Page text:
Regular Exercise Benefits Those with Chronic Kidney Disease
Dr. Steven J. Kamper from the University of Sydney, Australia, and colleagues have reported that regular exercise and workout are beneficial for those with chronic kidney disease. Their study analyzed 32 other studies with participants subjected to exercise and workout as a form of intervention for 8 weeks. Only 23 studies had adults with chronic kidney disease. The rest of the studies were control studies.
Common exercises included yoga, resistance only exercise, mixed aerobic and resistance exercise, and aerobic. Workout and exercises in most of the trials were intense. Exercise and workout were done 3 to 5 times a week for 30 to 60 minutes per session. This program was carried out between the duration of 2 to 18 months. 58% of the trials were supervised.
In comparison to the control study, those patients who exercised had significant improvement in their resting heart rate, maximum heart rate, resting systolic blood pressure, and resting diastolic blood pressure. Their energy intake, pre-albumin, and albumin levels also experienced significant gain. Higher frequency and longer duration of the exercises showed significant improvements in cardiovascular health, physical functioning, and physical fitness.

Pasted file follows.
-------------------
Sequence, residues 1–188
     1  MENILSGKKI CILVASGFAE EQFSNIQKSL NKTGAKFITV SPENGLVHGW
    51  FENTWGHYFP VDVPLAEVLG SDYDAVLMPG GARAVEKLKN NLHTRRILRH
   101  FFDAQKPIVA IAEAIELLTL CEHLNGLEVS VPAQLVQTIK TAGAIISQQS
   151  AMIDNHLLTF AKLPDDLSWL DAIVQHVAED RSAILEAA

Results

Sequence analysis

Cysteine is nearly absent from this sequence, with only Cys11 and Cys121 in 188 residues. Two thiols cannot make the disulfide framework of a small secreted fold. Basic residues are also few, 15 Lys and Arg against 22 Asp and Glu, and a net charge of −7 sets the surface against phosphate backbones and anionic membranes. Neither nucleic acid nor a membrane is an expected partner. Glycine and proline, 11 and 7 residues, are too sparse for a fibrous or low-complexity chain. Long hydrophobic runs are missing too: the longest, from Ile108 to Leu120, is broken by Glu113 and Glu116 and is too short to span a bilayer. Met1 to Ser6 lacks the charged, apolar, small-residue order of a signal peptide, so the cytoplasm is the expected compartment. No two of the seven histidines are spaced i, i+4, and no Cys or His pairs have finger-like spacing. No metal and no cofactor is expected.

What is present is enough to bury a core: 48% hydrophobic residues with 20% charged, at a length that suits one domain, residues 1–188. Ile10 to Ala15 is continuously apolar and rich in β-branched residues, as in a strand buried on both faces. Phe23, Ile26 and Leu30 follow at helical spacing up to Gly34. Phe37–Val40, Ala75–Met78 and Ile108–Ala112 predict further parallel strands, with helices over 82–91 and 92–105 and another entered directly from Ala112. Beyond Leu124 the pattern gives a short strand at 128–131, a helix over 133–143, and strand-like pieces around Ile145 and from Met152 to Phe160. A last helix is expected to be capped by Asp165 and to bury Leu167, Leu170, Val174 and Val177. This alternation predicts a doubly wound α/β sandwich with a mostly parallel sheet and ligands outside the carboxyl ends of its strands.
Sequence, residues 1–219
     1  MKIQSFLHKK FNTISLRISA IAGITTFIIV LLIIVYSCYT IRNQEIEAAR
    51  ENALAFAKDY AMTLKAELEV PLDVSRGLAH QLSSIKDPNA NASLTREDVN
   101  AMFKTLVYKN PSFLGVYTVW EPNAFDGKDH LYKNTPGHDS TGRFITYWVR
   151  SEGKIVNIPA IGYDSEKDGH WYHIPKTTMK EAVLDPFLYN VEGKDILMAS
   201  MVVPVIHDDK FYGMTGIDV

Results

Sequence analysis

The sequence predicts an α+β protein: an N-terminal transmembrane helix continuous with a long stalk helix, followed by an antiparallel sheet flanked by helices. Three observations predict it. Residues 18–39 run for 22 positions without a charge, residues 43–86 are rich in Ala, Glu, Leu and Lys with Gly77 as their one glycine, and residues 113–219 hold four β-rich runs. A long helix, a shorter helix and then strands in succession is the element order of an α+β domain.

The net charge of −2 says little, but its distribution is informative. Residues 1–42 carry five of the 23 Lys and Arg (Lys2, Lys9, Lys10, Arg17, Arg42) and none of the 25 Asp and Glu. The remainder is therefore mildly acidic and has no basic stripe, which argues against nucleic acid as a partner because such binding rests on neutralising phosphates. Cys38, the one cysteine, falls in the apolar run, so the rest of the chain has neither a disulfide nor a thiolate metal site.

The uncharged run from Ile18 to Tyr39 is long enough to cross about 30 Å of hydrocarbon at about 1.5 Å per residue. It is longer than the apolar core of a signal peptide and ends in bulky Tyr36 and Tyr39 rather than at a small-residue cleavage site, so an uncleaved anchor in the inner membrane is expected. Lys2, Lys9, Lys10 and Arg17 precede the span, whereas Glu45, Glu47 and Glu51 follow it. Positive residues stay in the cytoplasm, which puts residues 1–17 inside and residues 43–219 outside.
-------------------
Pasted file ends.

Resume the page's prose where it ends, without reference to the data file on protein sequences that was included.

Dr. Paul E. Segal, Medical Director of the Whitesquare Davita Dialysis Unit at Johns Hopkins in Baltimore, MD, commented confidently that the result of this study is valid despite the different limitations and samples of all the other studies analyzed. Dr. Segal, uninvolved in this study, added that there is no doubt that physical activities greatly benefit chronic kidney disease patients. He explained further that exercise and physical activity will only bring more benefit instead of harm as there is not one study, but multiples, that suggest otherwise. He added that physical activity is good for patients even if they have an advanced-stage disease, are on dialysis, or had a transplant. Dr. Segal pointed out that even a small amount or short duration of physical activity leads to significant gains. Dr. Segal proposed that patients should be monitored with as many follow-ups as possible and a specific management plan must be tailored for them.